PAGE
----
514 F2d 184 Northern California Power Agency v. Federal Power Commission
514 F.2d 184
168 U.S.App.D.C. 288, 1975-1 Trade Cases 60,190,
9 P.U.R.4th 472
NORTHERN CALIFORNIA POWER AGENCY, Petitioner,
FEDERAL POWER COMMISSION, Respondent,
Pacific Gas & Electric Company, Intervenor.
United States Court of Appeals,
District of Columbia Circuit.
Argued Oct. 17, 1974.
Decided March 6, 1975.
Martin McDonough, Sacramento, Cal., with whom Bruce McDonough, Sacramento, Cal., was on the brief for petitioner.
Thomas M. Walsh, Atty., F. P. C., with whom Leo E. Forquer, Gen. Counsel, and George W. McHenry, Jr., Sol., F. P. C., was on the brief for respondent.
Malcolm H. Furbush, Daniel E. Gibson and Howard V. Golub, San Francisco, Cal., were on the brief for intervenor.
Before TAMM and MacKINNON, Circuit Judges, and MERHIGE,* United States District Judge for the Eastern District of Virginia.
TAMM, Circuit Judge:
On June 4, 1970, the Pacific Gas and Electric Company (PG&E) and the Sacramento Municipal Utility District (SMUD) entered into a "Power Sale, Exchange and Integration Contract" and an "Amendment to 1966 Revised Sale and Interchange Contract." Petitioner, Northern California Power Agency (NCPA) seeks review of two orders of the Federal Power Commission (Commission) which denied petitioner's request for a hearing on the antitrust implications of the PG&E-SMUD contracts which were subsequently filed as rate schedules with the Commission by PG&E. We think that the Commission's actions in this case were proper and accordingly, affirm its orders.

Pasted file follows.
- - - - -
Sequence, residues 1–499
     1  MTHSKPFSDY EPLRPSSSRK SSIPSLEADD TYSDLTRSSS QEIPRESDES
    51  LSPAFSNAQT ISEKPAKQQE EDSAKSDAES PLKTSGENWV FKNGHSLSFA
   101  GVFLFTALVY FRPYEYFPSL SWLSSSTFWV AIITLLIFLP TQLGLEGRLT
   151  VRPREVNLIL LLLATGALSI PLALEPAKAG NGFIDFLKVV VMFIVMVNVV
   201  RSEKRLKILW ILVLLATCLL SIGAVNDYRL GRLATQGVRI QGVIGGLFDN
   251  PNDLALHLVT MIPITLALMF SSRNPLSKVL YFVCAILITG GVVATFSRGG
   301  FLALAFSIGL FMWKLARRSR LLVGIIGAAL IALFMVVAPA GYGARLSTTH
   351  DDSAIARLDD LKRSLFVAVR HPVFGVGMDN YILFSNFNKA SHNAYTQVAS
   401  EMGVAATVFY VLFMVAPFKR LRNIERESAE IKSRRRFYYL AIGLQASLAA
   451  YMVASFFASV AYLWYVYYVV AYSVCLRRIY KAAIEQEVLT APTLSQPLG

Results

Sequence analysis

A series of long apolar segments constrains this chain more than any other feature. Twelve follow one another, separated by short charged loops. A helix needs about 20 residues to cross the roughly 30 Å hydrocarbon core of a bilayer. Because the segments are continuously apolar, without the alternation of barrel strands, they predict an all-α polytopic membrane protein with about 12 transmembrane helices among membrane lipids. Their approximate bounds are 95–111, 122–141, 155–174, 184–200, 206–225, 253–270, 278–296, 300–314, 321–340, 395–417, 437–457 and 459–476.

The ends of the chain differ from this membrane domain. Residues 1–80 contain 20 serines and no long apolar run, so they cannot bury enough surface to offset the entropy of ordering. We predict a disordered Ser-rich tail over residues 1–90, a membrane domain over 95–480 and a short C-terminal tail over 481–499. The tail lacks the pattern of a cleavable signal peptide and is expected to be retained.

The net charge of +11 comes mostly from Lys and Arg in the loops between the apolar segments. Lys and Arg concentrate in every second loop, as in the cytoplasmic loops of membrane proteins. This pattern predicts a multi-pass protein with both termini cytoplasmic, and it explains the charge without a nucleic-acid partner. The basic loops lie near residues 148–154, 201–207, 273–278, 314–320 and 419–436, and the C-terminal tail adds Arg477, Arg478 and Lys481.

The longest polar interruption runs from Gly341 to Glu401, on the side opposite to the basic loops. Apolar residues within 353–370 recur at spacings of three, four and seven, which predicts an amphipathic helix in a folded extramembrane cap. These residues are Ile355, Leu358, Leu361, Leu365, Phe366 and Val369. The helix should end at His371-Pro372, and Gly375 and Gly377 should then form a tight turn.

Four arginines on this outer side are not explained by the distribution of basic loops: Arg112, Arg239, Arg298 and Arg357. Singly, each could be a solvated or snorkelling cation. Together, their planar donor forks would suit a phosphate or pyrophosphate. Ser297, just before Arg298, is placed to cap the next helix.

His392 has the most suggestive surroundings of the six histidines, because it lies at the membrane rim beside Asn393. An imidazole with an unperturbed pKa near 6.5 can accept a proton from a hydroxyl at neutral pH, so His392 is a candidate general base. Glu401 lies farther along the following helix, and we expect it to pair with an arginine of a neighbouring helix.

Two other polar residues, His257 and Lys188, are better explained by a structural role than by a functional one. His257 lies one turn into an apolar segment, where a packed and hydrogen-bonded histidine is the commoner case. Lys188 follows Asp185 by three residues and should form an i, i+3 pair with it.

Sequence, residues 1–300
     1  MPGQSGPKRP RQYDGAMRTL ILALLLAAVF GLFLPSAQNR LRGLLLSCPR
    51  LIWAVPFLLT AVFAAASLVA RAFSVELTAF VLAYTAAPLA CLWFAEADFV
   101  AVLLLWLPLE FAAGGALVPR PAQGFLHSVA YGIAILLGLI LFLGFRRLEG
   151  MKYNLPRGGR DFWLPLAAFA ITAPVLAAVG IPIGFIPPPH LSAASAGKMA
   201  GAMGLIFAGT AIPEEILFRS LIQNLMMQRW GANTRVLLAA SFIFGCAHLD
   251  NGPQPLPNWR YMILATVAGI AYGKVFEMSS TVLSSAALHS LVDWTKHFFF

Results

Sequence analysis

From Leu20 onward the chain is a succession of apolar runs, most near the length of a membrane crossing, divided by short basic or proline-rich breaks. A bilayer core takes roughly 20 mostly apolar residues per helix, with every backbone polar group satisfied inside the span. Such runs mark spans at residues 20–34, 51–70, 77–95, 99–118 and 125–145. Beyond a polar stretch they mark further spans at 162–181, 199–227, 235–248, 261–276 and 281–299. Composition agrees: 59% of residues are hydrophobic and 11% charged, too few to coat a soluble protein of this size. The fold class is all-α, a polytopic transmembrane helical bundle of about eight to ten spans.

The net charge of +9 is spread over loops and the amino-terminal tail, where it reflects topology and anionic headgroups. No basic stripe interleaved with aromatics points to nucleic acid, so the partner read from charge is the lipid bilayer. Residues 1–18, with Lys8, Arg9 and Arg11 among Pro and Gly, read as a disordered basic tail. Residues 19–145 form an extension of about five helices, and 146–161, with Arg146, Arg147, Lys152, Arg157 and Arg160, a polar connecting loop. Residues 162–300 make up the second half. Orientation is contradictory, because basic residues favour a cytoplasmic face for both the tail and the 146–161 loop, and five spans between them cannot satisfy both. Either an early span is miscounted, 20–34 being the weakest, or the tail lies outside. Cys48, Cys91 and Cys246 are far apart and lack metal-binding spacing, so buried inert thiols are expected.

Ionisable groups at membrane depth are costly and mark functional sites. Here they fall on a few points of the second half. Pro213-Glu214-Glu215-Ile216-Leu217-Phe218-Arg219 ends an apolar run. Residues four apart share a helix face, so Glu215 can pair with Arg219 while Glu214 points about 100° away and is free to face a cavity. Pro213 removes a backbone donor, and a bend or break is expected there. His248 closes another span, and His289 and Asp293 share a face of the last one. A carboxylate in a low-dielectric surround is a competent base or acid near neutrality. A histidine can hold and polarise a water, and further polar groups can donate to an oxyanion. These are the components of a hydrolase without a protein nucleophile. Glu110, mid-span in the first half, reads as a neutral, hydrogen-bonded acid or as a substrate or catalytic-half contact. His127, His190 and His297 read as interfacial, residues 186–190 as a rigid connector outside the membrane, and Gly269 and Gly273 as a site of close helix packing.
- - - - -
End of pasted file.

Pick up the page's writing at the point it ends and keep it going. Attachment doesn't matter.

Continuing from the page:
NCPA is a public agency created under California law by a joint powers agreement among eleven California cities, each of which owns and operates an electric distribution system supplying electric power to consumers within its boundaries. NCPA, whose members currently purchase part of their electric power from PG&E, has adopted and seeks to implement, through joint participation with other organizations, a program to provide generation of electric power supplemental to its members' present sources.1 PG&E is a California corporation which owns and operates a public utility electric generation, transmission and distribution system throughout northern and central California, including the areas within which each of NCPA's members is located. PG&E's sales for resale of electric power in interstate commerce are subject to regulation by the Commission. 16 U.S.C. § 824(b) (1970). SMUD, a public agency of the State of California, owns and operates an electric generation, transmission and distribution system in the same northern California area as PG&E. All parties agree that the Commission is precluded from asserting jurisdiction over SMUD. See 16 U.S.C. §§ 824(b), (f).2